“Originally released in 1968 on Vanguard Records, Peter Walker’s album ‘Second Poem to Karmela’ or Gypsies Are Important was a ground breaking blend of folk, raga, psychedelia, and Eastern and modal sounds that has remained unsung for decades. While his debut album for Vanguard, Rainy Day Raga, has been reissued several times on LP and CD, this album (his sophomore effort), remains an obscure and hard to find vinyl relic. Until now. Carefully re-mastered from the original tapes, guitar scholar Glenn Jones recently interviewed Peter Walker for hours and has written a book-deep essay for the CD and LP liner notes that detail Walker’s association with an incredible cross-section of 1960s counter-culture icons including LSD guru Timothy Leary (Walker personally provided the soundtrack to many a trip), he studied raga music with Ali Akbar Khan, and like his close friend Sandy Bull, Walker worked on a fusion of Western and Eastern sounds. Jim Pepper plays flute on ‘Second Poem’ (he also recorded with The Fugs and Don Cherry), other accompaniment to Walker’s guitar, sarod and sitar playing includes violin, organ, tablas, and tamboura. This is true acid folk as interesting, progressive, and memorable as fellow 1960s world travelers Robbie Basho, Davy Graham, and the Incredible String Band. Remastered from the original stereo ¼” tapes. Housed in a gatefold tip-on jacket with liner notes.”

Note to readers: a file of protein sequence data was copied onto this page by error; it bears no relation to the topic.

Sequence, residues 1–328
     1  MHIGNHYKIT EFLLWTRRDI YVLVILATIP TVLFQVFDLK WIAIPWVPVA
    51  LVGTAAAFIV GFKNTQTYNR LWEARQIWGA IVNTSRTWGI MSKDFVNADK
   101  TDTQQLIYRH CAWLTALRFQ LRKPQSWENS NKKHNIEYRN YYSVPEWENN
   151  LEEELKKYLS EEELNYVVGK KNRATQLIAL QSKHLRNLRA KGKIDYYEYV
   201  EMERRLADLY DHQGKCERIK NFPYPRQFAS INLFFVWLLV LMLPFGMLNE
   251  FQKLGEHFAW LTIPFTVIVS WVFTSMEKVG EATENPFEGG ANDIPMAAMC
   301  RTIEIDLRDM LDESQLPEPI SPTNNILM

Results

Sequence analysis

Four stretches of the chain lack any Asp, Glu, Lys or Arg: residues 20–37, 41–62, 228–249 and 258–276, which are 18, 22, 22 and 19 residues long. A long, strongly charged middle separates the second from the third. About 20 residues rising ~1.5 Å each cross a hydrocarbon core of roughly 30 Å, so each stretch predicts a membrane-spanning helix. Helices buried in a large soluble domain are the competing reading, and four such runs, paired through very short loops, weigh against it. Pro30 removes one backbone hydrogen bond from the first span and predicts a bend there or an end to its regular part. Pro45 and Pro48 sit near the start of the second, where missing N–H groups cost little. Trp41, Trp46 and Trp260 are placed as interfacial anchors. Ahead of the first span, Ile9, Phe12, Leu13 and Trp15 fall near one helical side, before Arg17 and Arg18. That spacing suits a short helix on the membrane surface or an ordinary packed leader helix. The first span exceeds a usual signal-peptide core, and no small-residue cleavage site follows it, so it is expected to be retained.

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“Peter Walker is an American original, as eclectic and enigmatic as the songs he writes. The legendary seventy-five year old raga/psychedelic/folk acoustic guitarist, who was schooled by masters such as Ravi Shankar and Ali Akbar Khan, has been described by Larry Coryell as, ‘One of the most original practitioners of contemporary music’ and proclaimed by the Beatles’ press agent Derek Taylor as ‘Perhaps the greatest guitarist in the world.’ His music, celebrated by the late Jack Rose, James Blackshaw, Steffen Basho-Junghans, Thurston Moore, and Greg Davis, all contributed original compositions to the 2006 tribute album, A Raga for Peter Walker. In the mid-’60s, while musical director to Timothy Leary’s LSD explorations, Walker released the classic Rainy Day Raga LP in 1966, and 1968’s influential Second Poem to Karmela, or Gypsies are Important, both on Vanguard Records. Following that, Peter Walker disappeared from recording for almost forty years, but never stopped practicing, learning, and reaching. Now, Delmore Recording Society is proud to announce the release of a lost studio session from 1970. Recorded at Mercury Studios, NYC. Has Anybody Seen Our Freedoms? is Peter Walker’s manifesto. A solo guitar/vocal album, all one take, no overdubs, that could have been Peter’s classic third album had it been released at the time. (Peter had been storing the reels in a converted bread truck for decades). While his previous two records are incredible collaborative efforts, the playing of Bruce Langhorne, Jeremy Steig, and John Blair as important to the final product as Peter’s, this album is 100 proof Walker. A requiem to the 1960s, chronicling lovers on the run, anti-war movement adventures, and living off the grid in Mexico, California, Detroit, and NYC.